by Brian Poage
Construction companies often employ multigenerational workforces. Many contractors get started right out of college or high school, and some continue working in the industry through retirement. You can find employees of just about any age on the jobsite.
While this diversity of skills and experience benefits businesses overall, each generation typically has different expectations for company processes and culture. Managers may struggle to effectively communicate to their age-diverse teams. Luckily, there are three easy ways to improve communications and engage employees of all ages.
Prioritize Ease of Use
There may be plenty of generational stereotypes out there, but don’t assume that an older employee wants a phone call while a younger employee prefers instant messaging. Instead, conduct surveys to learn about your employees’ communication preferences, and shape communications based on the results.
You’ll likely find that most employees aren’t completely against trying new forms of communication, they just want any system the company uses to be both effective and efficient. They need communications channels that are intuitive to learn and easy to use without cutting into crucial tasks of the workday.
Construction companies should prioritize ease of use when researching new communications channels. Utilize mobile devices and software that employees already use in their daily lives to make work-related communications simpler and more familiar.
Simplify Daily Reporting
In construction, it’s not just the company that needs to communicate with their employees; the employees also need to share information with each other every day, and their unique styles of communication can make that difficult. Projects quickly veer off schedule and go over budget when field teams aren’t effectively reporting on daily progress.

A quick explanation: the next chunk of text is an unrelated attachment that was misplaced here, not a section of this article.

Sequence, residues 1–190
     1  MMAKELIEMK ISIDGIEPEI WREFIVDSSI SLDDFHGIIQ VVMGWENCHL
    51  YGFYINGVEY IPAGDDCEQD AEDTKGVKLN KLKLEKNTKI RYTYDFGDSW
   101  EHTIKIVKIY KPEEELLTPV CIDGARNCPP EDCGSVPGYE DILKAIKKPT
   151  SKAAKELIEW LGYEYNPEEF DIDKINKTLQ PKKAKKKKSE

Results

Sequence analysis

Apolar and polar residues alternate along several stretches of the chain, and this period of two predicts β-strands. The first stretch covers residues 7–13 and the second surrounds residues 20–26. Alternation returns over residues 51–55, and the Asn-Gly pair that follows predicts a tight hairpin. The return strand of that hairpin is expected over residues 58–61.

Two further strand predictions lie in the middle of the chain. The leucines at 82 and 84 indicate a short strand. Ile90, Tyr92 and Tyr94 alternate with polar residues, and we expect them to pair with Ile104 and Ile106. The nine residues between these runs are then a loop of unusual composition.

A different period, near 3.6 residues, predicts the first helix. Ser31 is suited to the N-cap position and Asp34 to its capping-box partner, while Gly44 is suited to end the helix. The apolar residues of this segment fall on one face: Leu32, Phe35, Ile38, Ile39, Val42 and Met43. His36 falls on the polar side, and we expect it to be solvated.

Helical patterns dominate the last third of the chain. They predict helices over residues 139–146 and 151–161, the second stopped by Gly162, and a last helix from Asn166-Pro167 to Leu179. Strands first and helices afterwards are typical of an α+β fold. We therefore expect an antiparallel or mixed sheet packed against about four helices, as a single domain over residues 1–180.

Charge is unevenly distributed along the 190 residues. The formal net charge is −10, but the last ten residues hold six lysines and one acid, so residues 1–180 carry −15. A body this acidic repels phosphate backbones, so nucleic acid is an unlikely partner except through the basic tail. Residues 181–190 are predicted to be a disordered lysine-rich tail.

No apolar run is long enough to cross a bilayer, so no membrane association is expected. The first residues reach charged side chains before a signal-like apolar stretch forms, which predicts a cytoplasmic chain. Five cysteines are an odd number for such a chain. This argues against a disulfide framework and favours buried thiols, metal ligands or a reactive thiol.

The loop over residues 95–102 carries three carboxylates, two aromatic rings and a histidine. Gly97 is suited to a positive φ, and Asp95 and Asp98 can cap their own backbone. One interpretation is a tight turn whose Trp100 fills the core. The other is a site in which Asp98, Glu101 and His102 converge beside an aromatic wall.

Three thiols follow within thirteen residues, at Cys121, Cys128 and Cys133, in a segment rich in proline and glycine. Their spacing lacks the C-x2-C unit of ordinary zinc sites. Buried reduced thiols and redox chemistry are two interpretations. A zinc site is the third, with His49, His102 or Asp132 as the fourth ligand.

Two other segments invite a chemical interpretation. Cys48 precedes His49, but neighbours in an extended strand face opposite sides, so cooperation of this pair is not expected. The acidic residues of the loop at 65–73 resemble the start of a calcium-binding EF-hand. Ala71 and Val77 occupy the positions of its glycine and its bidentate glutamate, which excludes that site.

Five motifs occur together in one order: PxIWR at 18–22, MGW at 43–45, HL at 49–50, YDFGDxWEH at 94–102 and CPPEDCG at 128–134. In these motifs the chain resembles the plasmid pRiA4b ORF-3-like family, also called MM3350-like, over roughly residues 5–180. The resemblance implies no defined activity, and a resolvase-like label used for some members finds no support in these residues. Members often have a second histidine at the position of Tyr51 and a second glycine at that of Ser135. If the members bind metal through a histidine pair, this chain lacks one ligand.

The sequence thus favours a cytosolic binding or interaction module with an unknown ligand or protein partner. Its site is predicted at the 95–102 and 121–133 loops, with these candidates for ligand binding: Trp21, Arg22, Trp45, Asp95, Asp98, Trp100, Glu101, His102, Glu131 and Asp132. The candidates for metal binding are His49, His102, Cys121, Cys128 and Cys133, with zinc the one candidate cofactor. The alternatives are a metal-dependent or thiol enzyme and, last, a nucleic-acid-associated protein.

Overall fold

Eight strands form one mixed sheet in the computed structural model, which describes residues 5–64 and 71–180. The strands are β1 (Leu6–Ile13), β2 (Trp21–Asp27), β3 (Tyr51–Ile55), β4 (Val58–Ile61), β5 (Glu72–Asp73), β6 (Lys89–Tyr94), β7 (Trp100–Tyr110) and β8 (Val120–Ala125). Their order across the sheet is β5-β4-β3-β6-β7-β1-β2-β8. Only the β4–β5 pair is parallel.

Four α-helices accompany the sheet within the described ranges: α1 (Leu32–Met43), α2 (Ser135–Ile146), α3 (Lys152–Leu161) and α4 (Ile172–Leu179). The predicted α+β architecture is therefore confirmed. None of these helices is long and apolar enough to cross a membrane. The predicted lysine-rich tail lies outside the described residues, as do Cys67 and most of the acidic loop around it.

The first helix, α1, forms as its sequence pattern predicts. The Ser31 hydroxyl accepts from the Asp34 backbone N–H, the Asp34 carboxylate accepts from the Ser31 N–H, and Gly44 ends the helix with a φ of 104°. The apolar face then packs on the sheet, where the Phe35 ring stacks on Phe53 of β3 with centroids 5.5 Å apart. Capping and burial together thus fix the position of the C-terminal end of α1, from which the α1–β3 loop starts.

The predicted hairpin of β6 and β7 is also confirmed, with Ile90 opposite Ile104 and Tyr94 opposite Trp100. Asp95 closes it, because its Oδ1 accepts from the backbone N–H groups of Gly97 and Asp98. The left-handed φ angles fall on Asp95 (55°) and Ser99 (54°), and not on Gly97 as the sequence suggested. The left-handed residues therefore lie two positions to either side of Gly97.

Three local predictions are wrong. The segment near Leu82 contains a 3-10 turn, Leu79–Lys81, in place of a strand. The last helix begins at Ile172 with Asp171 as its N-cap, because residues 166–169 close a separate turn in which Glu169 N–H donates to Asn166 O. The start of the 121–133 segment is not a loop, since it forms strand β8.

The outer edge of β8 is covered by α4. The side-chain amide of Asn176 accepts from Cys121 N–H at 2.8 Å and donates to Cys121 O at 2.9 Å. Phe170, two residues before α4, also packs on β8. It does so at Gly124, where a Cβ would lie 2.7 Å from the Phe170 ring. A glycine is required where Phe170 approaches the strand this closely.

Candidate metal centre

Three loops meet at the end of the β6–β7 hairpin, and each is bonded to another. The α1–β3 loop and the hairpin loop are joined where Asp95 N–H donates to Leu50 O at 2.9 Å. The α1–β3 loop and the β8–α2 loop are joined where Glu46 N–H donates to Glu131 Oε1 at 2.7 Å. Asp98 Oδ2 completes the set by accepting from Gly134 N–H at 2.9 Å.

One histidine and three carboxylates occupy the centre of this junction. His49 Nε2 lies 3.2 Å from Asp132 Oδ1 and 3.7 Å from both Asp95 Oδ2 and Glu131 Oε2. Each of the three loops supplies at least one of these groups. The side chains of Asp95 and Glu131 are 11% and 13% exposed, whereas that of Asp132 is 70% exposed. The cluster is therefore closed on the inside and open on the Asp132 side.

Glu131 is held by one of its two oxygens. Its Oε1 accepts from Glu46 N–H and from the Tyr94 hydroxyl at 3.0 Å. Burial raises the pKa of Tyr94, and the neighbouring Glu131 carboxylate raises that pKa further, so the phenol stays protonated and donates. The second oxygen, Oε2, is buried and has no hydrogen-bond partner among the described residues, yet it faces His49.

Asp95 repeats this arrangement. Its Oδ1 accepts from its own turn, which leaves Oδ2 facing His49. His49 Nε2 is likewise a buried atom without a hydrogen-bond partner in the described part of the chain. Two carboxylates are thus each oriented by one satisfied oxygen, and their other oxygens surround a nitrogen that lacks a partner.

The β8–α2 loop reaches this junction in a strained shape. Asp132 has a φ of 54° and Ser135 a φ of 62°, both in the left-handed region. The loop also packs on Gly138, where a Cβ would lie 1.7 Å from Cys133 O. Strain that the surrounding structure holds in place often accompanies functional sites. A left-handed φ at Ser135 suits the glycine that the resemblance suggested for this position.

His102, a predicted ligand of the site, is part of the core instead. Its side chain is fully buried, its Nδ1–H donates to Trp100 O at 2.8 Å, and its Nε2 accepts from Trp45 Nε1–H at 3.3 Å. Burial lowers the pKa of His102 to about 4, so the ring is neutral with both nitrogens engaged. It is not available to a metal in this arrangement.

The style of communication each generation prefers can vary wildly. For example, younger employees may prioritize safety-related information while older employees focus on quality. Likewise, older employees may use pen and paper reports while younger employees prefer Excel or other digital tools. These differences can lead to frequent communication errors and cost valuable work hours for managers who need to organize and analyze productivity.
Businesses can’t expect employees to use multiple communication channels and methods for every report they submit, so instead they should focus on improving the daily reporting process universally. Consider investing in daily reporting software that automates repetitive tasks, standardizes report formats, and simplifies data collection and processing.
Streamlining the way your teams share critical reporting information can reduce miscommunication and misinterpretations that negatively affect progress.
Managers may be afraid of conflict between age groups, but they shouldn’t shy away from scheduling younger and older workers together. Creating age-diverse work crews encourages both informal and formal mentorship.
Mentorship goes both ways. Older employees can teach younger workers about the industry and help them grow their professional skill sets. Younger workers may be able to introduce senior employees to new technology and give them a new perspective on work-life balance.
With age-diverse crews, this sharing of skills will happen naturally on the jobsite, but establishing a formal mentorship program will have a greater impact.
Brian Poage is senior solution sales manager at Raken.